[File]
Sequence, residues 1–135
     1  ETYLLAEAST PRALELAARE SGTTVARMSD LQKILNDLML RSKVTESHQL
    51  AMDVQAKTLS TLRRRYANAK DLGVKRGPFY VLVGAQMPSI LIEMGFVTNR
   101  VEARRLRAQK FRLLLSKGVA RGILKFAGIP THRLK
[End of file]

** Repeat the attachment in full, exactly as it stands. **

Sequence, residues 1–135
     1  ETYLLAEAST PRALELAARE SGTTVARMSD LQKILNDLML RSKVTESHQL
    51  AMDVQAKTLS TLRRRYANAK DLGVKRGPFY VLVGAQMPSI LIEMGFVTNR
   101  VEARRLRAQK FRLLLSKGVA RGILKFAGIP THRLK